September 2008

Part One


September 5, 2008



As we get ready to cross the Atlantic we are testing sails that we have not yet used. Our gennaker, stuffed in its sock inside the sail bag had been stored in the v-berth since we left Holland. We decided the time had come to try to fly it. It worked out fine.

We also tested our cutter stay and storm jib. Until then we had never used the cutter stay but its halyard has been used for a myriad of other uses though mostly for winching up the dinghy from its home on the coachroof.

We have been experimenting with downwind sailing since the coast of Portugal last season. We don't have twin foresails like HAWK uses, just one rollerfurled 100% jib, the genny and the storm sail. Our boat seems to sail pretty well with the jib poled out and a preventer on the main but in light wind it can get a bit rolly and noisy with the sails flappering. She sails better with both sails to leeward at about 120 degrees off the wind. The experiments will continue.


We are back in Almerimar after a 3071 mile tour of the Western Mediterranean which took us to many interesting and beautiful places. It is a convenient place to provision and have work done. We know the area after having spent last winter here. The high quality of services available will help during preparation for our Atlantic crossing and the laundry lady is much appreciated.

We have quite a list of projects to complete by the end of September.

First on the list is the installation of a self-steering windvane. After researching the different types and brands we choose the Monitor, manufactured in California. It is custom made for our boat and they will ship it to Almerimar. The manual says it is not that hard to install, but the first page starts off with "Don't Panic".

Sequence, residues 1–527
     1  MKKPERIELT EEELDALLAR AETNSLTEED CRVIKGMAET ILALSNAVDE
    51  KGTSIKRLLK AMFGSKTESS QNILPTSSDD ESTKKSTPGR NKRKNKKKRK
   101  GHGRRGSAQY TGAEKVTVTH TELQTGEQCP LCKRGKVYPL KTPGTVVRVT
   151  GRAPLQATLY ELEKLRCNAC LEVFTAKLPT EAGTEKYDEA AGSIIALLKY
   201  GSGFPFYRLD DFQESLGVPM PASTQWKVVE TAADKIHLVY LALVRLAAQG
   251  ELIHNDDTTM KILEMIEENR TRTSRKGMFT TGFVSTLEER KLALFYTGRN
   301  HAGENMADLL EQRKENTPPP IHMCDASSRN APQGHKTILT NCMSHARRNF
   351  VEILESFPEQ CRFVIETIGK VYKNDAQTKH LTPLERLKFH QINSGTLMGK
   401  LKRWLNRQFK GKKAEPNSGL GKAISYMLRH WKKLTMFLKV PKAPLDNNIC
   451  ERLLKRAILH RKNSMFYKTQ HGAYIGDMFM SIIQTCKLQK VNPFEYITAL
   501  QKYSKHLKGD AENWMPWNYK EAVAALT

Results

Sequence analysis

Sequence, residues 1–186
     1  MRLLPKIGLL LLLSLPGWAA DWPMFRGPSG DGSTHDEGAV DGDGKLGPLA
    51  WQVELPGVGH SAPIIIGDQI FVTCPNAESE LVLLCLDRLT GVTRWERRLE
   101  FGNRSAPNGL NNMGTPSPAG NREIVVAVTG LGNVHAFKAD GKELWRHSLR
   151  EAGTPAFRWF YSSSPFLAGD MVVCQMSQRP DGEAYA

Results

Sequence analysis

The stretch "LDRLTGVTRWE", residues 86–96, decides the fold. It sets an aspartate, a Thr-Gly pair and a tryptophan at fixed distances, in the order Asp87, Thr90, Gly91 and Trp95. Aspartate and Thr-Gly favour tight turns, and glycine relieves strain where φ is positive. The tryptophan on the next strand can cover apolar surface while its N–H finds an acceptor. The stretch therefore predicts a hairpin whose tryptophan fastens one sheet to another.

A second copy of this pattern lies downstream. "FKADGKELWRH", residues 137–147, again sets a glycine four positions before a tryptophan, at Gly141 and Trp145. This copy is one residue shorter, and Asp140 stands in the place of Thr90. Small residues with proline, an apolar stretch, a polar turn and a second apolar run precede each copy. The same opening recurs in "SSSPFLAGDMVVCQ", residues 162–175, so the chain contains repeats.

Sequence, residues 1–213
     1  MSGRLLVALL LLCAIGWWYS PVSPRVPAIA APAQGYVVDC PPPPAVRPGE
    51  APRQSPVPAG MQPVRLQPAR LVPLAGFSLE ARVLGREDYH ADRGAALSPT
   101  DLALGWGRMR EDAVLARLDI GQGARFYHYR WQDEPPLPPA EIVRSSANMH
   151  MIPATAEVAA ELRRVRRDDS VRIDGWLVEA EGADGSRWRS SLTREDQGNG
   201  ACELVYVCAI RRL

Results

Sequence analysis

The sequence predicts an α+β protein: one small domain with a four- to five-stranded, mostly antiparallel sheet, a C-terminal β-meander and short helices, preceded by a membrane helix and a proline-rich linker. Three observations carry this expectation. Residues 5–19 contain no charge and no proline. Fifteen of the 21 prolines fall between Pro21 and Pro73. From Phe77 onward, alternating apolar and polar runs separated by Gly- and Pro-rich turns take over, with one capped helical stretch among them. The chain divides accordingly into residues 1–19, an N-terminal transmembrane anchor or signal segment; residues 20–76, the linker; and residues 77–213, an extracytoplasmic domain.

Monitor Wind Vane

A Monitor windvane installed on a Hallberg-Rassy 36

Monitor Windvanes

Also on our list:

Install a satellite phone, replace the current opaque fuel filter with a transparent Racor filter, modify the gas locker to hold 4 bottles of Camping Gaz as well as all the usual maintenance items such as change the oil, lubricate things, clean and polish, etc.

The hot water tank will be replaced. It started leaking in Mallorca and we had an emergency weld done. In the beginning Sigmar, the manufacturer, did not want to warranty it because we had it welded. After realizing we really had no choice they have agreed to replace it at no charge. We still have to pay to have it installed, not an easy job since the generator is in the way!


Go to September Page Two to see how the projects went














Servopendulum Principle


The Monitor Website explains the servopendulum principle in the following paragraphs.

The most efficient way to steer a boat is to use the boat's own rudder which was designed to steer the boat in the first place.

The servopendulum works as follows:

Imagine yourself holding an oar with its blade behind a boat that travels forward. You will do fine as long as the edge of the blade is aligned with the direction of the boat. If you twist the oar, even a fraction, the water will hit the flat surface of the blade and you will be unable to keep the oar straight - it will swing to the side. A tremendous leverage is created from the blade, through the shaft, to the end of the oar where you are holding on.

A servo pendulum gear uses this great leverage to keep the yacht on course. An oar or paddle is suspended like a pendulum from the stern of the boat. As long as the yacht is on course, the oar blade trails on the center line. The airvane is the sensor that controls the servo pendulum oar. When the boat wanders off course the airvane will sense this and rotate the oar. The flow of water hitting the blade broadface causes the pendulum oar to swing to the side with great force. The pendulum is connected through lines to the wheel or tiller and the resulting movement of the yacht's rudder brings the boat back on course.


So, for sailing across the Atlantic we like the idea of having this contraption do the steering. We have heard nothing but good things about windvanes in general and Monitor specifically. One person emailed us suggesting we add one regardless of any inconvenience we think it might cause. He loves his and couldn't say enough good things about it. John Neal of Mahina Expeditions thinks they are the best. Okay, we're sold. Ours arrives in two weeks.








Go to September 2008 Part Two




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